Myanmar: at least 50 protesters killed on ‘day of shame for the armed forces’


Demonstrators against the February 1 military coup took to the streets of Yangon, Mandalay and other cities, defying a warning that they could be shot “in the head and back” as the country’s generals celebrated Forces Day. Armed.

“Today is a shameful day for the armed forces,” Dr. Sasa, a spokesman for CRPH, an anti-junta group created by deposed lawmakers, said in an online forum.

“Military generals are celebrating Armed Forces Day after they killed more than 300 innocent civilians,” he said, giving a rough estimate of the number of victims since the protests broke out weeks ago.

At least four people were killed when security forces opened fire on a protesting crowd outside a police station in Yangon’s suburb of Dala in the early hours of Saturday, Myanmar Now reported. At least 10 people were injured, the news portal said.

Three people, including a young man who plays for a local U21 soccer team, were shot dead at a protest in the Insein district of the city, a neighbor told Reuters.

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Thirteen people were killed in various incidents in Mandalay, Myanmar Now said. Deaths were also reported in the Sagaing region near Mandalay, the city of Lashio in the east, in the Bago region, near Yangon and elsewhere, he said.

Myanmar Now said a total of at least 50 people died on Saturday. Reuters could not independently verify the death toll.

A military spokesman did not respond to calls seeking comment.

After presiding over a military parade in the capital, Naypyitaw, to mark Armed Forces Day, Major General Min Aung Hlaing reiterated the promise to hold elections, without giving any deadline.

“The army seeks to unite with the entire nation to safeguard democracy,” the general said in a live broadcast on state television, adding that the authorities also sought to protect the people and restore peace throughout the country.

“Violent acts that affect stability and security to make demands are inappropriate.”

The number of people killed in unrest since the coup against the elected government of Aung San Suu Kyi is now nearly 380, according to the death toll on Thursday and a tally by an activist group.

Smoke rises over Yangon's Thaketa Township on March 27, 2021, as security forces continue to suppress protests against the military coup.

Headshots

In an ominous warning Friday night, state television said protesters were “in danger of being shot in the head and back.”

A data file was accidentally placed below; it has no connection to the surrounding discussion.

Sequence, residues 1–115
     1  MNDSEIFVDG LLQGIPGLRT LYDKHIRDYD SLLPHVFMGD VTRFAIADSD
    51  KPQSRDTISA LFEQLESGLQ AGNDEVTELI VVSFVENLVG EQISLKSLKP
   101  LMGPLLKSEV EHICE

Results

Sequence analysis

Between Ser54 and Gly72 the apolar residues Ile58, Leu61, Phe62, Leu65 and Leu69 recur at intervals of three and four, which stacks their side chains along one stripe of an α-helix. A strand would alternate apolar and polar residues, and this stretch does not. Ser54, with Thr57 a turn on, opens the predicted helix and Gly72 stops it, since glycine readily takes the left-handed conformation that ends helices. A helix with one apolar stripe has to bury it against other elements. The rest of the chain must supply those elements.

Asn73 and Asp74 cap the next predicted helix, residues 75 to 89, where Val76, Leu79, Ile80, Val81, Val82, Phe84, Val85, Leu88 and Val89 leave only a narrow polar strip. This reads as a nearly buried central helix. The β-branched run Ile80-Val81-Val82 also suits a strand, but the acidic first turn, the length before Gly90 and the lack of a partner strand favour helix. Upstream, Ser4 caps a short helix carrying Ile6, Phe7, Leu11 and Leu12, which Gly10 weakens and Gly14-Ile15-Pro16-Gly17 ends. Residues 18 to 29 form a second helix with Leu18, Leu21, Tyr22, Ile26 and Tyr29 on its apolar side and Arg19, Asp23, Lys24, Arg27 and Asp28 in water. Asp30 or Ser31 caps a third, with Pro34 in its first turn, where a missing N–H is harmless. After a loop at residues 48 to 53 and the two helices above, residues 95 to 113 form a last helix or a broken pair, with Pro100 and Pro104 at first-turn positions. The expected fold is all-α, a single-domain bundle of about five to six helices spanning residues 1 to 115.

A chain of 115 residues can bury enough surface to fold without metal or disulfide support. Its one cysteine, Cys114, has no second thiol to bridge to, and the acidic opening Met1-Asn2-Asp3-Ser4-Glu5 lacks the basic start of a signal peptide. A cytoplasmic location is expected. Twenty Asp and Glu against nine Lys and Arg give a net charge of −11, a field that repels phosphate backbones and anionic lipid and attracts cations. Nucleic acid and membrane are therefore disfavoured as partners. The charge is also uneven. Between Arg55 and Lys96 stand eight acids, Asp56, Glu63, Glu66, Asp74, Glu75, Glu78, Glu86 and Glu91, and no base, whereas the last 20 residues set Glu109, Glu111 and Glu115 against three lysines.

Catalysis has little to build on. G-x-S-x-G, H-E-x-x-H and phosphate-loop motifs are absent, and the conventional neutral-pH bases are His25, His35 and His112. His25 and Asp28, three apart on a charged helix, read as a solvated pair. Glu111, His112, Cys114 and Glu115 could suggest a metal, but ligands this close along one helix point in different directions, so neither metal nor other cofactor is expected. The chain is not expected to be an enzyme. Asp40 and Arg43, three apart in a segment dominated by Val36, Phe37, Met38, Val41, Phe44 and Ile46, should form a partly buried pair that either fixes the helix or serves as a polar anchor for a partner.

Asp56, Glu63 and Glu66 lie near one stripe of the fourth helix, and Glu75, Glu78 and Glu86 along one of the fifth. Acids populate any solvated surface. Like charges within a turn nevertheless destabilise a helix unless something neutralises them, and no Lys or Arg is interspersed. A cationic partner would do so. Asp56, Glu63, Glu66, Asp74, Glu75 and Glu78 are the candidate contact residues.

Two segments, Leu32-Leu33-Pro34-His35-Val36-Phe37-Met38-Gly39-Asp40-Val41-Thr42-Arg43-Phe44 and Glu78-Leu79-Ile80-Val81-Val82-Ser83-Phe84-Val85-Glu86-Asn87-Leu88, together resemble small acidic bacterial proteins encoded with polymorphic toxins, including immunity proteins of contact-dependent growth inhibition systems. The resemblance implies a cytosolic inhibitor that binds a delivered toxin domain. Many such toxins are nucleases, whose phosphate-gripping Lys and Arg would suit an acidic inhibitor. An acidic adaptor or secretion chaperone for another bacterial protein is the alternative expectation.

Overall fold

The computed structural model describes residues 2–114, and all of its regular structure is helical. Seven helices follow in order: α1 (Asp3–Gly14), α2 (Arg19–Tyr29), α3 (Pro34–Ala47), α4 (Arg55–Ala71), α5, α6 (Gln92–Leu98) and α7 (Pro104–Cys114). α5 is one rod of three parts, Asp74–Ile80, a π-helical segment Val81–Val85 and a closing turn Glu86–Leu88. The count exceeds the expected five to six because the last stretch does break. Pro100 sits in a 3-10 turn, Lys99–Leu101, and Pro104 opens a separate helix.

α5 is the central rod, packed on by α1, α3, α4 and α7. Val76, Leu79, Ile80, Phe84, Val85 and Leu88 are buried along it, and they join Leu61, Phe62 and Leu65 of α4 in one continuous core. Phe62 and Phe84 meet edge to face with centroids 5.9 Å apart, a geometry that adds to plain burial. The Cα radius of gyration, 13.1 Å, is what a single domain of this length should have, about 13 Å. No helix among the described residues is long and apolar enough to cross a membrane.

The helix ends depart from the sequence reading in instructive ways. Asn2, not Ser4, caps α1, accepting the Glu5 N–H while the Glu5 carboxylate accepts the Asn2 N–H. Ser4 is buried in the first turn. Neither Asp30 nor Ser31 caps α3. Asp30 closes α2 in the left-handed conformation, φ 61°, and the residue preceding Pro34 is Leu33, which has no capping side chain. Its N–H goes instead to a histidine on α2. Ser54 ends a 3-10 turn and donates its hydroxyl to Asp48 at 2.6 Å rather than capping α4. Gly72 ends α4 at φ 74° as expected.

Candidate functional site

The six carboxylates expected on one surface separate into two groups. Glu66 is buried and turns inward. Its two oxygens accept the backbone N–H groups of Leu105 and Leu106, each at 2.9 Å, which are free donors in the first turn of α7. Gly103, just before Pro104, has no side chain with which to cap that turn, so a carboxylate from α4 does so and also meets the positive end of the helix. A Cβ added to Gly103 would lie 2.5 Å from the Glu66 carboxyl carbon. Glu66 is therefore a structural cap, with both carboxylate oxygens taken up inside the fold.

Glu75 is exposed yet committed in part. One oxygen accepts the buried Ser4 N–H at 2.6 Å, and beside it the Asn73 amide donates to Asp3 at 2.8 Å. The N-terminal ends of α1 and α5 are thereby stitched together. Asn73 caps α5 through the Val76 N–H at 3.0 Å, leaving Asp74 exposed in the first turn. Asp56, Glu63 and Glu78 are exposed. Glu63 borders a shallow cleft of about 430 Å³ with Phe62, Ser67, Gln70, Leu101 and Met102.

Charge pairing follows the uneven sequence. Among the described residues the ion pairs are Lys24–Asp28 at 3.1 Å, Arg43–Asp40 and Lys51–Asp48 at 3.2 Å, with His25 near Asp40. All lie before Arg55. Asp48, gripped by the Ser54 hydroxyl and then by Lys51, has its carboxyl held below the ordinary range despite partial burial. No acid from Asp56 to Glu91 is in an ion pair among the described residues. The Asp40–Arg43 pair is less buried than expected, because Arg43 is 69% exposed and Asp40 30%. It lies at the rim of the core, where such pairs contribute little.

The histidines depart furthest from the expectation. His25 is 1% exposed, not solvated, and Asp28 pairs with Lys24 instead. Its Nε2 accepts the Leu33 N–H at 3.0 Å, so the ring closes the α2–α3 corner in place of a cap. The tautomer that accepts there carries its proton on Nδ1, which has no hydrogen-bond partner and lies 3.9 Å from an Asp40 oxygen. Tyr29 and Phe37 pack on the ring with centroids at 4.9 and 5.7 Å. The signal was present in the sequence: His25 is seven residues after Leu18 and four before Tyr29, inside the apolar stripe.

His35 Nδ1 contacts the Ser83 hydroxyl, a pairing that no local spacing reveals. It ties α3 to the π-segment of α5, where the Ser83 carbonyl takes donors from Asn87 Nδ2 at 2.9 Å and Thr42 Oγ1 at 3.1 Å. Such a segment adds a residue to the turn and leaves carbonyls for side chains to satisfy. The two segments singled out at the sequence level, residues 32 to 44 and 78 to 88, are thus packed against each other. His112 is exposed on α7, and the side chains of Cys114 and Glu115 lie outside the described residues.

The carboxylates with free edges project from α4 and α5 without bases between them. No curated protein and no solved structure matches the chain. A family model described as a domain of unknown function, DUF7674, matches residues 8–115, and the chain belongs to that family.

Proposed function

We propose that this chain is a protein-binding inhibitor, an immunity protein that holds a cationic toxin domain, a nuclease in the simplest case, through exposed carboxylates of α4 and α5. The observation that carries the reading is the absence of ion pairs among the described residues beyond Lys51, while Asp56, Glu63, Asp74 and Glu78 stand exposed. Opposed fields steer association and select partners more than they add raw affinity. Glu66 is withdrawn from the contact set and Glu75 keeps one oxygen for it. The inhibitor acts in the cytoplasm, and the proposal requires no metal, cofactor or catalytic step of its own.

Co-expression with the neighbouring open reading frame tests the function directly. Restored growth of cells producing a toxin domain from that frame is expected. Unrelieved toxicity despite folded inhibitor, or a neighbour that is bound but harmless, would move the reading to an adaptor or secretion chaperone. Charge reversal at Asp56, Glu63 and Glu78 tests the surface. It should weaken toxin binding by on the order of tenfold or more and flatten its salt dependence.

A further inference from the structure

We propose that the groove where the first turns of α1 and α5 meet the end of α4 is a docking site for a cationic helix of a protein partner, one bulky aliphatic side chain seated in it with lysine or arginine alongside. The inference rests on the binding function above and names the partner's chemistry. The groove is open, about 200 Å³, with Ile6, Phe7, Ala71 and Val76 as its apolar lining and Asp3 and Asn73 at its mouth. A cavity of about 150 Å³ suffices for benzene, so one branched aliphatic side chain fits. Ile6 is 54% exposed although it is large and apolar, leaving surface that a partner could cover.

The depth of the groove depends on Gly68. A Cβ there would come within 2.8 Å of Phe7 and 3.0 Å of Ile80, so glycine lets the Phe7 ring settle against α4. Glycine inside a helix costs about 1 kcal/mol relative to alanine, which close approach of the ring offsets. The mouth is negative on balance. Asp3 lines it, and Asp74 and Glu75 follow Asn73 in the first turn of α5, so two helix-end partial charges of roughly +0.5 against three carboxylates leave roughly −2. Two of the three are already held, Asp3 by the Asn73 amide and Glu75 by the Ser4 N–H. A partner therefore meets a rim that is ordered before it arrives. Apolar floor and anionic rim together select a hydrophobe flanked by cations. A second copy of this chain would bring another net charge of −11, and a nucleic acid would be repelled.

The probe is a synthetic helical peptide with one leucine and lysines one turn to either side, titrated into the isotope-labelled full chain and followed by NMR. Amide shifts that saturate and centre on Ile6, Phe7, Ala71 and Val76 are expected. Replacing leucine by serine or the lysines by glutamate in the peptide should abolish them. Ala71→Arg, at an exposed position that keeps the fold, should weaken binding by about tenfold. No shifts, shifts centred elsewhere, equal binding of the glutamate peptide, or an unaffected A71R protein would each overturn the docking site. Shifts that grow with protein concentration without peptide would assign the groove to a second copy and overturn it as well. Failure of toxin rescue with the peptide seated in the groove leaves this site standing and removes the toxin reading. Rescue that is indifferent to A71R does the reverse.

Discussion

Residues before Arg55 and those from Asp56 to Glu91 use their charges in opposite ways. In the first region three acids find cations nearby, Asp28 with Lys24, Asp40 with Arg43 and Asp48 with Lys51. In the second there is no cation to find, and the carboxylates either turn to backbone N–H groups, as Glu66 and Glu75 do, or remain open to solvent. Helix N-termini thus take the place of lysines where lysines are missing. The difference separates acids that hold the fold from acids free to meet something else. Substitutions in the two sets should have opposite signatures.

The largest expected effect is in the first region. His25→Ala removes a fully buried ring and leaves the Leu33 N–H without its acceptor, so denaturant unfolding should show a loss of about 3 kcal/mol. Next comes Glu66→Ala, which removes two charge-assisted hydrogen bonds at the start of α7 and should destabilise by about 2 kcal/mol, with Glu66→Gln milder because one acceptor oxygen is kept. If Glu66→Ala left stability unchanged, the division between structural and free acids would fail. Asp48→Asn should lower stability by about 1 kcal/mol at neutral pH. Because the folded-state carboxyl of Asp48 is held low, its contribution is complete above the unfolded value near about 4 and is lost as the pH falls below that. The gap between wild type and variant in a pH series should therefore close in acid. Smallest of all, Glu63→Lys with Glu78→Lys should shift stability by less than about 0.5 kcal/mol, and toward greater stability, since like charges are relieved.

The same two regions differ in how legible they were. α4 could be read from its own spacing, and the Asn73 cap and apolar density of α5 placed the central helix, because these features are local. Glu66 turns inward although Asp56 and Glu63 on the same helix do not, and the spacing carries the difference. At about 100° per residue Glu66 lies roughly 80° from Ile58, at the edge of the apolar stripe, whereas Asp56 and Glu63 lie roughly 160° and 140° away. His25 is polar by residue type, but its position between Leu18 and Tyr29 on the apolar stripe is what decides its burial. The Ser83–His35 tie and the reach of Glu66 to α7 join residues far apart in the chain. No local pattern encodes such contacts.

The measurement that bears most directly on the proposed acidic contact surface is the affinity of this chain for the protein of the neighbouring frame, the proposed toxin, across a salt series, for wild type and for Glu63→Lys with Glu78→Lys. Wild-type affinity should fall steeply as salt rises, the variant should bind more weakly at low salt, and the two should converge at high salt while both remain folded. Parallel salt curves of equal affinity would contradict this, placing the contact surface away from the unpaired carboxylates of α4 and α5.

The warning did not specifically say that security forces had received shoot-to-kill orders, but the junta had previously tried to suggest that some fatal shots were fired in the crowd.

But it showed the determination of the armed forces to avoid any disruption around Armed Forces Day, which commemorates the beginning of resistance to the Japanese occupation in 1945 that was orchestrated by the father of Suu Kyi, the founder of the armed forces. .

Suu Kyi, Myanmar’s most popular civilian politician, remains in detention at an undisclosed location. Many other figures from his party are also in custody.

In a week in which international pressure on the junta intensified with new US and European sanctions, Russia’s Deputy Defense Minister Alexander Fomin attended the parade in Naypyitaw and met with top junta leaders a day earlier.

“Russia is a true friend,” said Min Aung Hlaing. There were no signs of other diplomats at an event usually attended by dozens of officials from foreign countries.

The Myanmar army is killing peaceful protesters.  This is what you need to know

Support from Russia and China, which it has also refrained from criticizing, is important to the board as they are permanent members of the United Nations Security Council and can block possible UN actions.

Protesters have taken to the streets almost daily since the coup that derailed Myanmar’s slow transition to democracy.

As of Friday night, the activist group Association for Assistance to Political Prisoners (AAPP) counted at least 328 protesters who had been killed in weeks of unrest. Their data shows that around a quarter of them were shot to the head, raising suspicions that they were the target of murder.

Myanmar’s ethnic armed factions will not stand by and do nothing if junta forces continue to kill protesters, said the leader of one of the main armed groups.

“Myanmar Armed Forces Day is not an armed forces day, it is more like the day people were killed,” General Yawd Serk, chairman of the Shan State / State Army Restoration Council, told Reuters. Shan – South.

“It is not for the protection of democracy as well, it is the way they damage democracy … If they continue to shoot protesters and intimidate people, I think all ethnic groups would not stand by and do nothing.” .

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